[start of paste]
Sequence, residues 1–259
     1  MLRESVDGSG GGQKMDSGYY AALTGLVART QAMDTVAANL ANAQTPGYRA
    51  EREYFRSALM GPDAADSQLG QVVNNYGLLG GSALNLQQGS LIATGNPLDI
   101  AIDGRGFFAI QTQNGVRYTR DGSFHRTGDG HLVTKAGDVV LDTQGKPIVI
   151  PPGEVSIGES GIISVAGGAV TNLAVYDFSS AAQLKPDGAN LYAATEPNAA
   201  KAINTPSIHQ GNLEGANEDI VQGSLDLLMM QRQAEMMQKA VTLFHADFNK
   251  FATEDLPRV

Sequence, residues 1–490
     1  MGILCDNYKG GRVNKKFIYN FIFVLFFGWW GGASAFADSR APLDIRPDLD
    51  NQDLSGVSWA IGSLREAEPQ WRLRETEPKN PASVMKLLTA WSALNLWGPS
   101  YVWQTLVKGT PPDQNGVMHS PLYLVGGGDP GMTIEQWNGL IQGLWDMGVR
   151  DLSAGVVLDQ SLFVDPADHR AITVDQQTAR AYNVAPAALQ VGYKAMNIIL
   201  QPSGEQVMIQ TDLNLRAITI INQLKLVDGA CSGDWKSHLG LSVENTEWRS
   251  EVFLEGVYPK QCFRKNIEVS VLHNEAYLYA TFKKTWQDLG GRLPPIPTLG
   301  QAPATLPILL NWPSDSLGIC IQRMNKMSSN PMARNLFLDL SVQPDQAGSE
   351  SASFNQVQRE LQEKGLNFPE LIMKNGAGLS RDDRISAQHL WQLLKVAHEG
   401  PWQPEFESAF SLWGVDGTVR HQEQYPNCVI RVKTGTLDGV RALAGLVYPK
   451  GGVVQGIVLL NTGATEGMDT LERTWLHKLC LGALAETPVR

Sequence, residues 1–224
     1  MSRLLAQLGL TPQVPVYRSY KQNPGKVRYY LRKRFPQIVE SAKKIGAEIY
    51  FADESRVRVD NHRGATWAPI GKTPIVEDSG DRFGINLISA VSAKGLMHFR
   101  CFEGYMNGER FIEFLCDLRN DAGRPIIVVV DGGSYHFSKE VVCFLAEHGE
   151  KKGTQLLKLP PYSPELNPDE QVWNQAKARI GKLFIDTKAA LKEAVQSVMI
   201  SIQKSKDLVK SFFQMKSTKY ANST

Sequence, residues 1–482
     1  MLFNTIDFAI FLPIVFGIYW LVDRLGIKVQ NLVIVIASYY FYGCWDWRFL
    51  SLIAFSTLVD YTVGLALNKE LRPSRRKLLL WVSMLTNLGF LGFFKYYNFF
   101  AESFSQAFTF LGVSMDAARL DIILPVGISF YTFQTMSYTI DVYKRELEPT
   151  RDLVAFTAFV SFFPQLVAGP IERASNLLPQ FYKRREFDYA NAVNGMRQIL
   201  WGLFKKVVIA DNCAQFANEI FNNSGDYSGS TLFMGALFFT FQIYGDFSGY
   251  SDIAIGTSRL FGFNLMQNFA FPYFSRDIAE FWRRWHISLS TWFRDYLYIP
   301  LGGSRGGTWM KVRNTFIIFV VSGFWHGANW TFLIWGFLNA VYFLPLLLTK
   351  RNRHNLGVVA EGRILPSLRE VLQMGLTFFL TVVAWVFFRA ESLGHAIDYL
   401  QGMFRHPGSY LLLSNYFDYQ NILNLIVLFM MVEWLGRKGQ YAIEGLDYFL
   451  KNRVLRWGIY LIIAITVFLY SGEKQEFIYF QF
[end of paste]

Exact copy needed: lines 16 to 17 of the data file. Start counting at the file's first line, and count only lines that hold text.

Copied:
   351  SASFNQVQRE LQEKGLNFPE LIMKNGAGLS RDDRISAQHL WQLLKVAHEG
   401  PWQPEFESAF SLWGVDGTVR HQEQYPNCVI RVKTGTLDGV RALAGLVYPK